Homeless crisis requires cooperation between city, state
Governor Lingle has declared a state emergency to deal with the homeless problem on Oahu's Leeward Coast.
GOVERNOR Lingle has announced an ambitious plan to deal with what she accurately describes as a "major disaster and catastrophe" of homeless living on the beaches of Leeward Oahu. Lingle and Mayor Hannemann are scheduled to meet Monday to resolve their differences, and his cooperation might be critical for the plan to succeed.
The governor declared an emergency that suspends various statutes such as development and contracting permits and zoning requirements for a year while the state creates emergency and transitional shelters. She compared the plan to a transitional shelter used by the state in Kakaako to house about 200 homeless people who had been driven from Ala Moana Beach Park after the city shut it down for repairs in March.
This plan obviously will be on a much larger scale. State officials estimated the homeless on the Leeward Coast at more than 2,000 last month but now say they might number as many as 4,000. Lingle asked for assistance and coordination of the private sector and the city.
As Lingle was preparing to meet with homeless advocates on the Waianae Coast more than two weeks ago to assess the problem, Hannemann announced that three beach parks where many of the homeless sleep -- Maili, Nanakuli and Keaau -- will be closed at night in September for renovation. The city will perform similar work in August at Waianae Beach Park, but it will not be closed at night because no homeless sleep there.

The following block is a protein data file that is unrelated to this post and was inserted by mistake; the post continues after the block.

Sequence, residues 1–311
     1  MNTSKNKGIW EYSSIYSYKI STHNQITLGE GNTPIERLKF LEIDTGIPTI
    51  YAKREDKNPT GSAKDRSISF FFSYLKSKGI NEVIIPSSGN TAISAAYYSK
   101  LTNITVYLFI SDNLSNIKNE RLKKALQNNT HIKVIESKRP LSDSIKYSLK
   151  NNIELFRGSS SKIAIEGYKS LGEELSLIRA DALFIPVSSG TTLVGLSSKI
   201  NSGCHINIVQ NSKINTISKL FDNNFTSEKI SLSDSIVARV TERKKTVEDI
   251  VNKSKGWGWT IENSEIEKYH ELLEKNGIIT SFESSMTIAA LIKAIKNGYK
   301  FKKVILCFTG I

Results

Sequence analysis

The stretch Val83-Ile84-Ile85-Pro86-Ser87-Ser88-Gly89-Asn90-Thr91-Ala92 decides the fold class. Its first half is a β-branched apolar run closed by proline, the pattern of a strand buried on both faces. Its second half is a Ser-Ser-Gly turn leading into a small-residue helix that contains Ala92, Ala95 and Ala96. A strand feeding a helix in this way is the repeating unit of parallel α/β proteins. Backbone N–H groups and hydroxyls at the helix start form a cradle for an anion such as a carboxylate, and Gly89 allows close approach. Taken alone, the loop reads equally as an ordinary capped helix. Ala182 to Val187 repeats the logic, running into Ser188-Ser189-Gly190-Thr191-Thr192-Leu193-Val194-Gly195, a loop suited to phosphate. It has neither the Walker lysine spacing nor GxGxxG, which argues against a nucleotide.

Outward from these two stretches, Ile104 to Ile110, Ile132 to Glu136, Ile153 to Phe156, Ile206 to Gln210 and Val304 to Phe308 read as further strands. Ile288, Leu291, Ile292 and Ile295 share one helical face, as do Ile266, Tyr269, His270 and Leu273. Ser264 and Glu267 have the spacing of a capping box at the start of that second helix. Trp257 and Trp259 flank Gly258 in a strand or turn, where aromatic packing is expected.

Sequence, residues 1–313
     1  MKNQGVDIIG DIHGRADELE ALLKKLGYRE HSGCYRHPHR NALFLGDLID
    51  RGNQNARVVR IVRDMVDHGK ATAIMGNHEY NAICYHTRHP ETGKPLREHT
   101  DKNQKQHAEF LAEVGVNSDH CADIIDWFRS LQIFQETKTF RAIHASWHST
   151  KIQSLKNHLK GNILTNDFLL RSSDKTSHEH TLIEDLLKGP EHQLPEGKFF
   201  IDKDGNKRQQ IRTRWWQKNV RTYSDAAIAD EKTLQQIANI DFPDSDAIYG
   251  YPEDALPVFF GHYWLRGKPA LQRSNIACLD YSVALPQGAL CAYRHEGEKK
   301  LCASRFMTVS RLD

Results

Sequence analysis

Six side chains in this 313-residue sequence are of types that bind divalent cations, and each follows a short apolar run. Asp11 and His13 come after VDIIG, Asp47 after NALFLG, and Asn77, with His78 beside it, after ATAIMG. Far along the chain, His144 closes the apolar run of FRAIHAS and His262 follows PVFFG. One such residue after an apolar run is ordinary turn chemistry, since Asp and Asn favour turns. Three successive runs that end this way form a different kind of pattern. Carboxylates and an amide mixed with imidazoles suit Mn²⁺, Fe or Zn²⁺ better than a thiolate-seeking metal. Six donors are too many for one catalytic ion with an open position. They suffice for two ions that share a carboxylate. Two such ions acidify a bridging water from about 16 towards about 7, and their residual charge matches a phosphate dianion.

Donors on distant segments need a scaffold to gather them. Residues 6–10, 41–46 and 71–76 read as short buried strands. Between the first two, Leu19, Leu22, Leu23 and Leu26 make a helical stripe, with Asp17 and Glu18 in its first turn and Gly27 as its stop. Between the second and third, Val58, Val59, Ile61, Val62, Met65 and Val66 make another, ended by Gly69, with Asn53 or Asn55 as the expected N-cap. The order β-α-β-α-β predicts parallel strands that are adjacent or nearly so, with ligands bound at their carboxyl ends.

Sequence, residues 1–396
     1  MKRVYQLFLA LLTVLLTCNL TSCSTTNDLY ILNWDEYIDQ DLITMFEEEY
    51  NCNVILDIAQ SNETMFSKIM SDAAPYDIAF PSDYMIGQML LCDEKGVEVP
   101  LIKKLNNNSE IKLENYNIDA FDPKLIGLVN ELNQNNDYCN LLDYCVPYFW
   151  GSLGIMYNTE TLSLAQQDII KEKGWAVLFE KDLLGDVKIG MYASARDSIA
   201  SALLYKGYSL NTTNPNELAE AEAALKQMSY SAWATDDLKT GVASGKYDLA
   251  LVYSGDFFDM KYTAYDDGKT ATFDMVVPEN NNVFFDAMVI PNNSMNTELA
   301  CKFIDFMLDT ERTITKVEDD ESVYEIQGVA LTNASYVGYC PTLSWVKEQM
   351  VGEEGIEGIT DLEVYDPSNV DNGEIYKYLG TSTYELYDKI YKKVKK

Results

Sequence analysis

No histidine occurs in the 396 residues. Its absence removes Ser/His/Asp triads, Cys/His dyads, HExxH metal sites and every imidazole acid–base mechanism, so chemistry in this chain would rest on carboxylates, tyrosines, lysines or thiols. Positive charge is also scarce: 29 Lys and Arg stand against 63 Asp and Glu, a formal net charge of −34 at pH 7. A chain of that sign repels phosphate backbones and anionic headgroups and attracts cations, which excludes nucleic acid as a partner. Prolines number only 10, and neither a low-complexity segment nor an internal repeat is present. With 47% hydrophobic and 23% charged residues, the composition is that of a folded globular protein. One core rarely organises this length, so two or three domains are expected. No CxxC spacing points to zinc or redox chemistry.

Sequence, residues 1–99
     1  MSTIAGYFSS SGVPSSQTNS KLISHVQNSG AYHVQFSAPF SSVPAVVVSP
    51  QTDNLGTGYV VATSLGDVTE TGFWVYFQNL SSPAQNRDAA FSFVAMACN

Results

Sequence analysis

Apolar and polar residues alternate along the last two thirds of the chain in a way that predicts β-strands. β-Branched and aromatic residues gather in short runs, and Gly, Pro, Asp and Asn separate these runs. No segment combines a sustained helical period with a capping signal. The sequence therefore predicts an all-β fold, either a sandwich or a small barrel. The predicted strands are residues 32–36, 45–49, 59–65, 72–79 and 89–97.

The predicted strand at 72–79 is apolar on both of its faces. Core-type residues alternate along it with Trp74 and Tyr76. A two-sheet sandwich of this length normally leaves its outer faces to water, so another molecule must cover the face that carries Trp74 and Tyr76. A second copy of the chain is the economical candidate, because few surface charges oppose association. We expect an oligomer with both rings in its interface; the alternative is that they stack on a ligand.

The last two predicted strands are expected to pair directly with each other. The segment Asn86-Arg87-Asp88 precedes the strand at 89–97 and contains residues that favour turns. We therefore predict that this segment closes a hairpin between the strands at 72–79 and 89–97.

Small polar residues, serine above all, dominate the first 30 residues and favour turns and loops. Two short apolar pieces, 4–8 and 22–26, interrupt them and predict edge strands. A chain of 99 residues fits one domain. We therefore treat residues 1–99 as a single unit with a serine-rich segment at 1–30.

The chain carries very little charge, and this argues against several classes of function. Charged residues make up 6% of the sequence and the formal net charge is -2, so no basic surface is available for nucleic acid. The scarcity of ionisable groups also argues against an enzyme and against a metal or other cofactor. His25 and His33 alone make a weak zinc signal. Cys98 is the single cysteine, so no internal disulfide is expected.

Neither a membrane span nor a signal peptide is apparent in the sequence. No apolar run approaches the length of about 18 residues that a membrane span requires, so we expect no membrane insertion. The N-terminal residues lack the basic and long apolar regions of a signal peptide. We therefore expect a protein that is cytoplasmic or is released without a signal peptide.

Lingle has said she expects that "between now and the end of the year, we can have substantial emergency shelters set up along the Leeward Coast." Possible locations are Kalaeloa, formerly Barbers Point, Lualualei and commercial property in Waianae.
The mayor has refused to delay the renovations because "the community is tired of waiting." He agreed last week to telephone Lingle to set up tomorrow's meeting only after being peppered with questions by reporters about why he had not done so previously.
Beach parks are intended as places for residents to relax, not as living quarters for the homeless, but the governor and mayor should coordinate their efforts to achieve that goal without causing even more distress to the poorest segment of society.
Lingle said Waianae Coast residents told her at the June meeting "that while they have compassion for the homeless, they also want access to beach parks that are safe, clean and available to the general public to enjoy." Lingle and Hannemann seem to agree on that point.
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